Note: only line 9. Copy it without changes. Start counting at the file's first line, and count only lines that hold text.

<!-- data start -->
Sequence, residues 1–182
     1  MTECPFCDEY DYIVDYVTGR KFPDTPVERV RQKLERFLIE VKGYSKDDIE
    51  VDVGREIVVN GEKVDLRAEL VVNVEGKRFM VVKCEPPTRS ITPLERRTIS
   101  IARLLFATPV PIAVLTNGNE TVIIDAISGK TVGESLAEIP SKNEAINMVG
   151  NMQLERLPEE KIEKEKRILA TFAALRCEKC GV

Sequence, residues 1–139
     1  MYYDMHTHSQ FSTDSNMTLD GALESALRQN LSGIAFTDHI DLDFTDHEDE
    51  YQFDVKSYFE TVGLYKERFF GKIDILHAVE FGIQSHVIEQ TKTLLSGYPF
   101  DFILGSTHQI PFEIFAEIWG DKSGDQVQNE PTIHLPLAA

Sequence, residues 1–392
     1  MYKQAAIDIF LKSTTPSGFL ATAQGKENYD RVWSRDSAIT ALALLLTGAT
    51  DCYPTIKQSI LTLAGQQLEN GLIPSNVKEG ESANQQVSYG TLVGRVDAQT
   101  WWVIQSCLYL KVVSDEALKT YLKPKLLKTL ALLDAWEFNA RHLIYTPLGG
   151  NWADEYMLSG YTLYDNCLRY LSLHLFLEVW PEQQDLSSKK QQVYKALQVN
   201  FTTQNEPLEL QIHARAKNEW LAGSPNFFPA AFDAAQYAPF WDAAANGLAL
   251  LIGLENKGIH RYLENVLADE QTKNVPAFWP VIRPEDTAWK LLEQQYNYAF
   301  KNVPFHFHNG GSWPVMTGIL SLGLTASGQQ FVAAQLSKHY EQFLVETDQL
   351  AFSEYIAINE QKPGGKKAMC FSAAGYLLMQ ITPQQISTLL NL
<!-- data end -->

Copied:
   101  DFILGSTHQI PFEIFAEIWG DKSGDQVQNE PTIHLPLAA